Before beginning this review, let me get the conjunctions straight! The original song, with music by John Kander and lyrics by Fred Ebb, were written for Liza Minnelli to sing in the 1977 film “New York, New York” and was titled “BUT The World Goes ‘Round.” The original title of this 1991 musical revue, based on their extensive catalogue of show tunes, was “AND The World Goes ‘Round.” The show ran off-Broadway and won a Drama Desk Award and a Lucille Lortel Award for Outstanding Musical Revue. The song and dance arrangements featured five actors in solo, group, and various combinations. In 1992, a ten-month US tour was initiated, new set and tech features added, and the title once again changed to “The World Goes ‘Round.” More importantly, the new, revised show featured comic and other material from Kander and Ebb’s lesser known Broadway shows. The revue has become a staple in regional and community theaters. Since Kander and Ebb continued to write new material over the years, the content of the show may be changed with permission. This latest production was previously staged at Olney Theatre Center and reviewed in this publication (read here). Olney, Everyman, and ArtsCentric are co-producers.
…one of the most satisfying and enjoyable musical evenings I have ever experienced.
The five actors in this current production are Natascia Diaz, Kevin S. McAllister (who also directed), Harris Milgrim, Salome B. Smith, and Karen Vincent. The vocalists and the musical arrangements in Broadway revues do not often reflect the characters or scenes in which the songs were performed in the original stage productions or film adaptations. Such is the case here, to marvelously good effect. Each singer or group of singers makes each song memorable, allowing it to stand on its own and tell a story without the framework of a musical to explain content—a song so popular it can stand alone from a score. All the Great American Songbook composers and lyricists, Kander and Ebb among them, wrote such songs, sometimes known as “standards.”
Everyman Theatre has pulled out all the stops for this production with a team of actors and creatives working together to make one of the most satisfying and enjoyable musical evenings I have ever experienced. The multi-talented cast not only sings and dances well, but each song is also well-acted, with expression and movement defining the lyrics in such a way as to make the song a musical story. Many of the songs are blended in a musical stream of consciousness expressing lost and found love, humor, pathos, etc.—the whole range of human emotion and experience. Mr. McAllister and choreographer Shalyce Hemby have made full use of scenic designer Daniel Ettinger’s cleverly uncomplicated set.
The seven-musician orchestra, under the leadership of music director Christopher Youstra, is situated upstage on two levels, sometimes partially or fully hidden by a sliding partition which features a screen. At various points In the show, Kander and Ebb aficionado-performers David Hyde Pierce, Chita Rivera, Karen Ziemba, and Judi Dench each offer a video commentary on his or her experience with Kander and Ebb. The two-level downstage area, the proscenium, orchestra, and screens above the stage are surrounded by light bulbs. On these screens, designer Patrick Lord has projected photos of Kander and Ebb, scenes from their shows, and photos of their Broadway logos, setting the mood for each musical selection. The total effect of designer Aja Jackson’s lighting, including spotlights, is that of a concert experience as well as enhancing the mood for each particular song. Props are kept to a minimum to allow maximum actor movement. The costume changes, designed by Larry Boggs, including absolutely dazzling sequined gowns, with wigs designed by Larry Peterson, are appropriate for each song. There are “specialty” costumes designed by Movenda Kulemeka for a particular song which are spectacular and very amusing. The actors use body microphones and sound designer Matt Rowe has managed to balance their voices with the orchestra evenly—no small feat! Stage Manager Ben Walsh keeps the production moving at a fast pace with one song beginning almost immediately after another ends.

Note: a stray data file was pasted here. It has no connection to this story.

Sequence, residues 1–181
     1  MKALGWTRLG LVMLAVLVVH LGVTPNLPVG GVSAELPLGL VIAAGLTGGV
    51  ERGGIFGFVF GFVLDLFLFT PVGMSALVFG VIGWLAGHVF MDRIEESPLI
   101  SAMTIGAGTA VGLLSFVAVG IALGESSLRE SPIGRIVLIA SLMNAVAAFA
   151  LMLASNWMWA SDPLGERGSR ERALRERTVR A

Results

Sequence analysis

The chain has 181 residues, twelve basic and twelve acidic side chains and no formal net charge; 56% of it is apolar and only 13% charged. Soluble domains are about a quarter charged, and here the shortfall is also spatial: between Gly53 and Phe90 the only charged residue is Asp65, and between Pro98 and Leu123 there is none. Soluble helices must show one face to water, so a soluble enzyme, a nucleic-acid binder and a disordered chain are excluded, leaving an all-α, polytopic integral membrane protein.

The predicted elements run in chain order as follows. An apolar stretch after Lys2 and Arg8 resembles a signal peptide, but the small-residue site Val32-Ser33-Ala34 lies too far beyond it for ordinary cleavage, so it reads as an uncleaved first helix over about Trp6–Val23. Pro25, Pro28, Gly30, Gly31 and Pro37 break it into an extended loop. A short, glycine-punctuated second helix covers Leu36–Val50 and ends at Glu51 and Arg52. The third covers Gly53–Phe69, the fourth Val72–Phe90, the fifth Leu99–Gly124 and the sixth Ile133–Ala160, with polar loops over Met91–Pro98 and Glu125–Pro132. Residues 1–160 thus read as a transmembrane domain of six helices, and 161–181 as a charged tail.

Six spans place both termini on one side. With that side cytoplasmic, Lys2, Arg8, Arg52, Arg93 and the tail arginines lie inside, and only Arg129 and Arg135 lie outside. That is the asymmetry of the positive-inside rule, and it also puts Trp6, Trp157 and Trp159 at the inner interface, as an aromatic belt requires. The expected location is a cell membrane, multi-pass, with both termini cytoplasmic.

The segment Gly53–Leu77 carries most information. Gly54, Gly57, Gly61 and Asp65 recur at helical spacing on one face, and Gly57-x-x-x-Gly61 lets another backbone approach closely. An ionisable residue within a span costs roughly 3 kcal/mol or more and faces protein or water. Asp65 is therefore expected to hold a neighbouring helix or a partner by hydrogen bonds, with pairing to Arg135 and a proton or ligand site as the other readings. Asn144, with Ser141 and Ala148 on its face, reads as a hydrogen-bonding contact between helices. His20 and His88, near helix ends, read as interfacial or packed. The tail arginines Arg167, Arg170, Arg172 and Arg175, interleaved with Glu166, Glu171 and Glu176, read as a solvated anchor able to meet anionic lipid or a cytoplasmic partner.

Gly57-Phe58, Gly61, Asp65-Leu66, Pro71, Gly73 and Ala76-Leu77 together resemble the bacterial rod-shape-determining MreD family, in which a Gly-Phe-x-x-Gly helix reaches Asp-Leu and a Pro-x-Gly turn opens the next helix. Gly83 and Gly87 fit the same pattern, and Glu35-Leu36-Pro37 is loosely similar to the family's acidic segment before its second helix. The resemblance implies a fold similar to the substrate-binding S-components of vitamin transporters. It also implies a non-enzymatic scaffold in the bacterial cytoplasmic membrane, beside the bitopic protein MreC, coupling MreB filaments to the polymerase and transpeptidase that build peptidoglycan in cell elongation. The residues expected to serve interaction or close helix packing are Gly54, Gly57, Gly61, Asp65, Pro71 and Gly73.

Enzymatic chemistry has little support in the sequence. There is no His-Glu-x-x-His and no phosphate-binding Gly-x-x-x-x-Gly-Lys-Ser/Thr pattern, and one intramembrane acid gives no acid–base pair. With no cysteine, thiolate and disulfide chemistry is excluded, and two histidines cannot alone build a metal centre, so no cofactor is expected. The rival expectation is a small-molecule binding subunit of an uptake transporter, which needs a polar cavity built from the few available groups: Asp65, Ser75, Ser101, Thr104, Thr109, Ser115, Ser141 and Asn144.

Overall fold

The show opens with the title song, the second act opens with a medley by the orchestra, and the show closes with Kander and Ebb’s most popular song, “New York, New York” sung first in Swahili, Italian, Polish and Yiddish, and then in English as the audience is encouraged to sing along. John Kander, now 96, just launched his latest Broadway musical with co-creator Lin-Manuel Miranda: the new show, titled “New York, New York,” is based on the 1977 film! But never mind—New York and Broadway have come to Everyman Theatre in full force! I hope the success of this production encourages Everyman not to wait until the world goes ‘round to produce and present more musical events.
Running Time: Two hours with one 15-minute intermission.
“The World Goes Round” runs through July 2, 2023 at Everyman Theatre, 315 W. Fayette Street, Baltimore MD 21201. For more information and to purchase tickets, call the Box Office at 410-752-2208, 10 a.m. to 4 p.m. Monday through Friday and 12 noon to 4 p.m. on Saturday or visit the website here. Masks are optional.